At Namami Brahmaputra Fest, President's Word Of Caution On Intolerance

At Namami Brahmaputra Fest, President's Word Of Caution On Intolerance

At launch of Namami Brahmaputra, President reiterated India wasn't an intolerant country.

GUWAHATI: The mighty Brahmaputra got a festival to celebrate the rich history and culture that grew along the river bank, with President Pranab Mukherjee on Friday launching a festival, Namami Brahmaputra, in Guwahati on Friday.

The festival to celebrate the only male river in the country according to Hindu mythology, a pet project of Chief Minister Sarbananda Sonowal, is being simultaneously organised in 21 districts in the state for five days.

"Southeast Asian country is emerging as business hub for India and northeast is crucial to it. And Brahmaputra can play a major role. This festival should promote the history, culture, traditions and tales of people along the river," said President Pranab Mukherjee in his inaugural speech.

Mr Mukherjee also frowned at recent instances of intolerance, saying there should be diversity of opinion.

"In India 200 languages used and all major seven religions are practised... Despite such ethnic diversity, we are a one-nation state. Indians are argumentative, I will agree. If you say India is intolerant, I would not agree," the President said, stressing how Indian traditions including the teachings of Assam's great scholar and social reformer Shankaradev "never allowed the practice of intolerance".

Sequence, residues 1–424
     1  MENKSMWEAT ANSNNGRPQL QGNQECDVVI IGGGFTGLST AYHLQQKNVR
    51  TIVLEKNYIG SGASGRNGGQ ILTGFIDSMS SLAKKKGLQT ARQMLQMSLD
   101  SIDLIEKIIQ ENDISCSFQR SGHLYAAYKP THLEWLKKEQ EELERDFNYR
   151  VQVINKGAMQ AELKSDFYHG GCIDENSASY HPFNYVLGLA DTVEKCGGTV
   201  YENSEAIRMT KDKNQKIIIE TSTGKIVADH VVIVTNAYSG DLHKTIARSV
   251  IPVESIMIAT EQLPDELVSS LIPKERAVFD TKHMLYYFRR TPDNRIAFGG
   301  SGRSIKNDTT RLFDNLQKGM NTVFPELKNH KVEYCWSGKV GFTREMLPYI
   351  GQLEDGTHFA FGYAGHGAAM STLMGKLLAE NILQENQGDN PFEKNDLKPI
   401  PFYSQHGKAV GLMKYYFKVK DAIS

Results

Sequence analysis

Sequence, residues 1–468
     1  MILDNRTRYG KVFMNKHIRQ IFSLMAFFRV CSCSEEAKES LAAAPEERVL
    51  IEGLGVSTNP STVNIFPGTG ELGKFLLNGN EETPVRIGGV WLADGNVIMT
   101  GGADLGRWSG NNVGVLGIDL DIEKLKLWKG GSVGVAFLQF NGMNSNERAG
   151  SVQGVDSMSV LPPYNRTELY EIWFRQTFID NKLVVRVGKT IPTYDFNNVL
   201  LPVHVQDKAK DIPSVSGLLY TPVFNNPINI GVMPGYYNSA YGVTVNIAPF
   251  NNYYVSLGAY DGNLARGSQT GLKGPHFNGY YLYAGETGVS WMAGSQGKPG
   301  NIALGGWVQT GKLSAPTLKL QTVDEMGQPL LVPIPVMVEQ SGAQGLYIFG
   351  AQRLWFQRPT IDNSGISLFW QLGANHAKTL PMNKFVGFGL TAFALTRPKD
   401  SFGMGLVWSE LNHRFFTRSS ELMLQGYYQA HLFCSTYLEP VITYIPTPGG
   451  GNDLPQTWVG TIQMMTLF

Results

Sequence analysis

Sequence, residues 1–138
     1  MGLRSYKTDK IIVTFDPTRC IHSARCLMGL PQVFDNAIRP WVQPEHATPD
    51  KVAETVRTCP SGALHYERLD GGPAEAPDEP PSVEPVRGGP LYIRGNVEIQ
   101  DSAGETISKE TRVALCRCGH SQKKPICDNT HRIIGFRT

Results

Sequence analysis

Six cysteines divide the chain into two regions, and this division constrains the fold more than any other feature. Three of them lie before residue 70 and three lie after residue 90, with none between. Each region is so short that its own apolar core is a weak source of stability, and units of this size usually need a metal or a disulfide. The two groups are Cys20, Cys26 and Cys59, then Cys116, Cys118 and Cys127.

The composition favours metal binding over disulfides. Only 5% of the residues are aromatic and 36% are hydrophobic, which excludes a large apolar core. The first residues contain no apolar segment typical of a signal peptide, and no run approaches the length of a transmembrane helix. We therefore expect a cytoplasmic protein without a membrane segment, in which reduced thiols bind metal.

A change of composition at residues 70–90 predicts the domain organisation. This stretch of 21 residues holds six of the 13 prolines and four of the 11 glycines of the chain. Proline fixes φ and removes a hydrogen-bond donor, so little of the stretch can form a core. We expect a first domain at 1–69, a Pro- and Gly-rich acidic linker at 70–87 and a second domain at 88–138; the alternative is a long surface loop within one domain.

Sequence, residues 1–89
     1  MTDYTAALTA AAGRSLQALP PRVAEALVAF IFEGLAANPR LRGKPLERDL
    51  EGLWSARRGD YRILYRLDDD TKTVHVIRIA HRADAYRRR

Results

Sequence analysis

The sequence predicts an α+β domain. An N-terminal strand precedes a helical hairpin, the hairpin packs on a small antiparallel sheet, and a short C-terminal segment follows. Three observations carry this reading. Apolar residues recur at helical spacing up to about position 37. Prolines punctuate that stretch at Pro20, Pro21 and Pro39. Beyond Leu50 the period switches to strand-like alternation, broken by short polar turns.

Bhutan Prime Minister Tshering Tobgay who attended the inaugural event as the guest of honour claimed that Brahmaputra is a pride of South East Asia and there should be cross country event to promote the mighty river.

"We wish that Namami Brahmaputra not only becomes India's biggest river festival but also turns into the most powerful river festival of India," Mr Tobgay added.

All the rivers of Bhutan flow into the Brahmaputra.

"We would wish if Centre and State government comes forward to give the same importance to Brahmaputra as given to the Ganga. This river means life to communities in Assam and needs more attention" said Janardhan Deb Goswami, a prominent Vaishnavite Satradhikars in Assam.
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